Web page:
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Home | -- Inspiration | Breaking Free From The Numbers

Breaking Free From The Numbers
By: Clare Pattison
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            Imagine taking a long road trip from Vancouver to Halifax or from Boston to San Francisco.  Now imagine that the only important things on this journey are the number of miles you travel each day, the number of hours you are on the road, the number of miles you get per gallon of gas, and the number of days it takes you to get there.  Every one of us knows instantly that there is so much more to this cross-continent odyssey than just those numbers!  Every day, every province or state, every season there's so much to see and experience.  Those numbers are just a measurement of where we are on the trip.  If they are all we are concerned with, we end up missing out on all the wonders of the trip itself. 

            Our weight loss journeys can be the same way if all we focus on are the numbers.  The number on the scale, the number of pounds we have to lose, the number of our starting BMI and our goal BMI, the number of grams of protein we are getting, and the number of calories we are eating each day.  Sure, these numbers are important, but like the road trip, they are just a measurement of our weight loss journey, they are not the journey itself.

            When I first began my lap band weight loss journey, I didn't understand this yet.  It was all about the numbers.  I weighed 314 pounds.  My BMI was 57.4.  I had 164 pounds to lose to my goal, and 184 to get to my ideal weight.  I wore size 30 pants and 5X tops.  Those were my numbers.  My goal at that time was to change them by using other numbers.  Number of calories, number of carbs, number of grams of protein, number of minutes of exercise, number of steps on the pedometer, number of mls in my band.  I would lose a certain number of pounds each week and it would take me a certain number of months to reach my goal number.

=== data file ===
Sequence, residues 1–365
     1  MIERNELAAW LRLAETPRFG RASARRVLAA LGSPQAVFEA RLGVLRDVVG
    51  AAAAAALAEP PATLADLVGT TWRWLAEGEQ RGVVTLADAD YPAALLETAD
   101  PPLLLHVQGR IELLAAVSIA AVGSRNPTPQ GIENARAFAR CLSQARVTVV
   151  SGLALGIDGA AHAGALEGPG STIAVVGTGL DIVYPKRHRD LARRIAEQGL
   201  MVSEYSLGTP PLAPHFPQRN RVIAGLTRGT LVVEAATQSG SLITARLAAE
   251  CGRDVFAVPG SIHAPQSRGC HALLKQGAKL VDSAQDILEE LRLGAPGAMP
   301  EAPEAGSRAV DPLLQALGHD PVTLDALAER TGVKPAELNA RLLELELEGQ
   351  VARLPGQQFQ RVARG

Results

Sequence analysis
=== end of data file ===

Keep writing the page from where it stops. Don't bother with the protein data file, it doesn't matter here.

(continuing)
I didn't even know what a non-scale victory was.  When I did find out, I thought that they were pleasant surprises that popped up along the way - bonuses, but not the main event.  And yet, when I had my first session with my medical team's psychologist, we didn't talk about numbers at all.  When I handed in my self evaluation, there wasn't a single number on it.  What I had written was pages and pages of things that I couldn't do because of my weight, and lists and lists of things that happen to me that normal-sized people don't even know exist.  I wrote and wrote and wrote without even stopping to think.  It all just poured out of me.

And so my journey began.  I headed straight towards my destination, full speed ahead, not knowing that amazing things were about to happen to me all along the way.  First, my clothes started to fit me again.  I was at the very top of the sizes that my Plus Size store carried and had started looking on line for somewhere, anywhere, to buy clothes to fit me.  That problem was solved.  It wasn't long before I didn't need to use the disabled entrance to Canadian Tire.  I fit through the turnstile.  No one would have known that walking into that hardware store with everyone else that day was such a big deal, but I certainly knew.  Before the summer was over, I fit onto our garden tractor and was able to mow the lawn and do chores again.  I moved the seat forward in the car and no longer got a cramp in my foot from pushing the accelerator with my big toe.  All this and so much more before a single person noticed I'd lost any weight at all.  And the numbers?  I can't even remember what they were then.